From Aid to Trade: How South Korea is a Model for U.S. Foreign Assistance

July 31, 2017 By Sung Lee

“My life would not have begun as it has and I would not be here today,” said President of South Korea Moon Jae-in at the Marine Corps Museum last month, thanking the United States for saving over 100,000 Korean civilians, including his parents, during the 1950 Battle of Chosin Reservoir.

Sixty-seven years later, satellite image of the Korean peninsula at night demonstrates a stark contrast of the two Koreas: South Korea, a thriving democracy and bustling economy, with bright lights next to dark North Korea.

American economic investment and humanitarian aid produced considerable dividends by helping to build the foundation for the economic transformation of South Korea, which has since become America’s sixth largest trading partner. U.S. exports to South Korea have tripled since 1990 to $43 billion in 2015, more in one year than all development assistance the U.S. provided to Korea since the war.

As Vice President Mike Pence, whose father served in the Korean War, said, “South Korea is one of the fastest growing sources of foreign direct investment in the United States of America with more than $40 billion and growing invested in the United States so far.” America’s robust economic engagement with South Korea between 2012 and 2016 created more than 2.5 million private-sector jobs in the United States, including tens of thousands of manufacturing jobs.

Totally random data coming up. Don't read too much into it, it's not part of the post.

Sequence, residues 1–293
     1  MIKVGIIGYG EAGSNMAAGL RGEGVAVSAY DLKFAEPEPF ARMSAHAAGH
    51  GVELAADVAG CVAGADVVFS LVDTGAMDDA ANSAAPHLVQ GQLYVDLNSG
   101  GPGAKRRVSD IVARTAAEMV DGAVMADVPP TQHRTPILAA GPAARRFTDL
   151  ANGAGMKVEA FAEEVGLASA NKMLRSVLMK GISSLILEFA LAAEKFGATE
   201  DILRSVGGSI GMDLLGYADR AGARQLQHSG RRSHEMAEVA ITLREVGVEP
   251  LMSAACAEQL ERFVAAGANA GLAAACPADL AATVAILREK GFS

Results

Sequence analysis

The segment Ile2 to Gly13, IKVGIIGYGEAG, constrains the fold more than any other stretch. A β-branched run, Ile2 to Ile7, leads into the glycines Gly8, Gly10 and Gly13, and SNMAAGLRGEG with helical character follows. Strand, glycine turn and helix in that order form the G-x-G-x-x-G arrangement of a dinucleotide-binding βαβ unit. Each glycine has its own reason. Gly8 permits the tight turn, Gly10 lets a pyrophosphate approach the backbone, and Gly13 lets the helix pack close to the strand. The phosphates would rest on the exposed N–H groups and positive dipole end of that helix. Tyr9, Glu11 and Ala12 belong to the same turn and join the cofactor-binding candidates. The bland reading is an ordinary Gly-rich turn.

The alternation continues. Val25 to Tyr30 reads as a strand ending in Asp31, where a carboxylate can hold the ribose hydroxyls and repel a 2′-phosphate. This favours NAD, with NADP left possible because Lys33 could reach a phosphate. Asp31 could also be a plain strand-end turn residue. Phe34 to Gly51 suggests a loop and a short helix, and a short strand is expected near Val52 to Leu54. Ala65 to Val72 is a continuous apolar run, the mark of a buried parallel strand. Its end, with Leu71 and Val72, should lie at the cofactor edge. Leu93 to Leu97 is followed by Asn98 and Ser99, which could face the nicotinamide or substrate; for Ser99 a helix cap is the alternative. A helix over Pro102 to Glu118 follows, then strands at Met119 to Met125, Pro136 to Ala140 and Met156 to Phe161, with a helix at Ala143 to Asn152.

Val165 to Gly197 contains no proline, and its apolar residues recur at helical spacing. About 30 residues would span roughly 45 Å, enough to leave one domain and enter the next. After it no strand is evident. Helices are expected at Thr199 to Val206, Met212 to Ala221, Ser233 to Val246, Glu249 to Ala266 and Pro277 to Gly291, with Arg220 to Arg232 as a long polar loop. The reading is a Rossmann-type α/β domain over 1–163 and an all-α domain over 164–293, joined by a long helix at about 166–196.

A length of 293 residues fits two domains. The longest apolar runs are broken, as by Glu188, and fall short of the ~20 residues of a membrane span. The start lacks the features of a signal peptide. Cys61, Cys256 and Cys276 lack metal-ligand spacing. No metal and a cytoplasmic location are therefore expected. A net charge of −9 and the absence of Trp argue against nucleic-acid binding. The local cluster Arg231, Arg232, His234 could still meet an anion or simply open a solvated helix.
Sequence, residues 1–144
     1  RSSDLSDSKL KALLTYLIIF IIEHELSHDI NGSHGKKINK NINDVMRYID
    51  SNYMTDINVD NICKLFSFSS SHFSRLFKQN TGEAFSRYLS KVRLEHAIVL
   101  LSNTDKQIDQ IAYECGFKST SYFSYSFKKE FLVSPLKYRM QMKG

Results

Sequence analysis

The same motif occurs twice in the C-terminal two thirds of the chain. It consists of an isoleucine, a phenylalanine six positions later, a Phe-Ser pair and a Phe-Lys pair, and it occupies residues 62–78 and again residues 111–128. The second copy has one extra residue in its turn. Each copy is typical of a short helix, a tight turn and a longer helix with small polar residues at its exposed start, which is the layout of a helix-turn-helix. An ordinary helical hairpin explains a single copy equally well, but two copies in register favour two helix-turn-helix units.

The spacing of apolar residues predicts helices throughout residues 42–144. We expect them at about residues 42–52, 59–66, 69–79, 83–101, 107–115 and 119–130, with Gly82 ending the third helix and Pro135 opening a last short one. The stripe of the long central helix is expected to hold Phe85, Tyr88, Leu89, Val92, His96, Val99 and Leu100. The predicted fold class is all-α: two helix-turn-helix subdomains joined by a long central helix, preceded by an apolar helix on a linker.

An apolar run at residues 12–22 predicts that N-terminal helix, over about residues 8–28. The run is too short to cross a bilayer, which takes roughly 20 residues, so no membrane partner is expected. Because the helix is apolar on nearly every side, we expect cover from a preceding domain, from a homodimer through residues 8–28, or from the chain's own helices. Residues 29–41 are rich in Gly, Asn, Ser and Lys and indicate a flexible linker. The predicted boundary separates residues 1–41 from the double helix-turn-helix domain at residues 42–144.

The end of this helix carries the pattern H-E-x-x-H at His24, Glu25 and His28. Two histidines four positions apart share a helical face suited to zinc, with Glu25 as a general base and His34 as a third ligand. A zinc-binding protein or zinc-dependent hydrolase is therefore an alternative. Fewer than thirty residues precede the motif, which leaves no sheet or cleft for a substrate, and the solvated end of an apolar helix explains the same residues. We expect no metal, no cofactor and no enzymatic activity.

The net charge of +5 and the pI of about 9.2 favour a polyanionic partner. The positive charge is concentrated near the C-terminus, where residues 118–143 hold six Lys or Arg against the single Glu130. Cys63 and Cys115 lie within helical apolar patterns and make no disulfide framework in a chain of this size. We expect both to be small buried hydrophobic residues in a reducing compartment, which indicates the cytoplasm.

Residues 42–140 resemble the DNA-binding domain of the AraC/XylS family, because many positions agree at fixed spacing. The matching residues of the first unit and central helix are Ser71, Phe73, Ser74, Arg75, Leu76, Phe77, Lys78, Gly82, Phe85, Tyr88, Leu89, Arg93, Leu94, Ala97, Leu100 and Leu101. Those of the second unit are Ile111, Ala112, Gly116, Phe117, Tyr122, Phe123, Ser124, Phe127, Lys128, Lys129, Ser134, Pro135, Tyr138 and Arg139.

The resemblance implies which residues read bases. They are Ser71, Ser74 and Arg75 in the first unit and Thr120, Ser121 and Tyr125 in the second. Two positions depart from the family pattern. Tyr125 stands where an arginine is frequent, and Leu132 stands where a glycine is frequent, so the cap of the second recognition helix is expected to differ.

U.S. foreign assistance not only helped South Korea’s transformation into America’s trading partner— South Korea is now itself a donor of foreign assistance. USAID closed its office in 1980, and since then, South Korea has worked alongside the United States in developing countries to combat poverty and diseases. In Ethiopia, the Korean International Cooperation Agency (KOICA) in partnership with USAID has committed $5 million to directly support the government’s efforts to end child and maternal death.

Congressman Ted Yoho (R-FL), Chairman of the House Congressional Caucus for Effective Foreign Assistance wrote that “South Korea’s example should be one that U.S. development advocates and professionals strive for as they articulate a vision for a modern development agenda.”

South Korea is just one example. America’s strategic investments in diplomacy and development have generated significant return in other parts of the world: 11 of the top 15 U.S. export markets are former recipients of U.S. foreign assistance.

As Bill Gates once said, “the one percent we spend on aid for the poorest not only saves millions of lives, it has an enormous impact on developing economies – which means it has an impact on our economy.”

Images: Seoul, South Korea; North and South Korea from space (NASA).